What that means is that malware and ransomware can’t delete your snapshots.

So if you were somehow affected by ransomware and it started encrypting your files, you could remove the ransomware, then restore your files from the unaffected snapshot taken before the ransomware struck.

Carbon Copy Cloner from Bomrich enables you to investigate these snapshots further and if you want to delete a specific snapshot (whether created by CCC or Time Machine), just select it and press the Delete key.

CCC Snapshot view

Cloud Sync (offsite)

There are a couple of different types of cloud storage. You’ve got the general sort offered by Google, Dropbox, Apple, pCloud, Amazon S3 etc. These are ok for your documents, photos, and offsite storage and file sharing. They will sync your data on a continuous basis from a sync folder.

I use pCloud for sharing large client files and sync my session archive folders to it. I also sync my personal laptops Music, Pictures and Downloads folders to it because they aren’t uploaded to Apple iCloud although they are synced to Time Machine this gives me the two offsite backups so I’m properly covered. pCloud is also much cheaper than Dropbox and I’m very happy with their service.

Large files take time to upload depending on your internet connection and uploading is much slower than the download speeds we are used to. Having a cloned USB drive onsite makes getting up and running much, much quicker.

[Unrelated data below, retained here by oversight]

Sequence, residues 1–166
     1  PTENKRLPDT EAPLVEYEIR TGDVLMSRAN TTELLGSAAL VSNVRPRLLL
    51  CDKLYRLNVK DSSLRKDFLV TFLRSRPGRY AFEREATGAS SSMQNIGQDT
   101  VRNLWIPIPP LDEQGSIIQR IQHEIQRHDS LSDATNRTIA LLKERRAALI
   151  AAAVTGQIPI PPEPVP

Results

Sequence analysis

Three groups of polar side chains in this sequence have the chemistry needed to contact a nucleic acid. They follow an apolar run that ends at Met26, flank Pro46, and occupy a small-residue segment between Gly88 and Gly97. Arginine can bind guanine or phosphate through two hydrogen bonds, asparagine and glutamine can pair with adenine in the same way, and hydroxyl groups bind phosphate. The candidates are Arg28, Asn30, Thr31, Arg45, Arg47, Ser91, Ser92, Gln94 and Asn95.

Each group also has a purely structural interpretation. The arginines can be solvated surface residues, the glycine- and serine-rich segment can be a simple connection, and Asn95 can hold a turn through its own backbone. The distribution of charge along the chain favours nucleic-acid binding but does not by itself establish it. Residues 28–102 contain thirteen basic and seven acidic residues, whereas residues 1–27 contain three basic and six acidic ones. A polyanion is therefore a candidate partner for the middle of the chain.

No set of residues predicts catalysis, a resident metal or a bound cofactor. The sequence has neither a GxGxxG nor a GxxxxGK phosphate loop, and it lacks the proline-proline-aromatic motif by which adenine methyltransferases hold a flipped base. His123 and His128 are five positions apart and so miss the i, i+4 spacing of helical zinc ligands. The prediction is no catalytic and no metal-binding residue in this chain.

Sync services provide a quick way to sync data across multiple devices and include the sharing component as well. However, they rely on the user putting files into specific folders. As such, they are not very effective backup solutions.

Only files that are in the synced folders are available to be recovered, resulting in sync services not being able to get back files that were never synced.

Backup and Recovery Services (offsite)

These types of services go a step further than the general cloud sync services above. They’re sort of your “set and forget” option. I like set and forget 🙂

Backup and recovery services run automatically in the background, capturing all new and updated data and backing them up to the cloud.

They don’t back up any operating system files, only data, so here’s where your onsite cloned USB drive will get you out of trouble fast. There’s no computer slow down whilst they’re syncing and you can carry on mixing music and not be affected, or you can set up a schedule if you’d prefer.